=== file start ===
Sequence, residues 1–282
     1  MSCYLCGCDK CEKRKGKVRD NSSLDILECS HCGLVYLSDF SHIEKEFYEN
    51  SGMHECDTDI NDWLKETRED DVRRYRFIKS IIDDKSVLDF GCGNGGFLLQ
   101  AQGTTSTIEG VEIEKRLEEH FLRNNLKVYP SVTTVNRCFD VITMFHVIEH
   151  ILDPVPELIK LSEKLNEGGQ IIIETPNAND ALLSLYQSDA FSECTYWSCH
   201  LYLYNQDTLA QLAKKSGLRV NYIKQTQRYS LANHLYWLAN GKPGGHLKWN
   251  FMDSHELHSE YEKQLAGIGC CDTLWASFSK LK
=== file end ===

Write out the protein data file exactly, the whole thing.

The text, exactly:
Sequence, residues 1–282
     1  MSCYLCGCDK CEKRKGKVRD NSSLDILECS HCGLVYLSDF SHIEKEFYEN
    51  SGMHECDTDI NDWLKETRED DVRRYRFIKS IIDDKSVLDF GCGNGGFLLQ
   101  AQGTTSTIEG VEIEKRLEEH FLRNNLKVYP SVTTVNRCFD VITMFHVIEH
   151  ILDPVPELIK LSEKLNEGGQ IIIETPNAND ALLSLYQSDA FSECTYWSCH
   201  LYLYNQDTLA QLAKKSGLRV NYIKQTQRYS LANHLYWLAN GKPGGHLKWN
   251  FMDSHELHSE YEKQLAGIGC CDTLWASFSK LK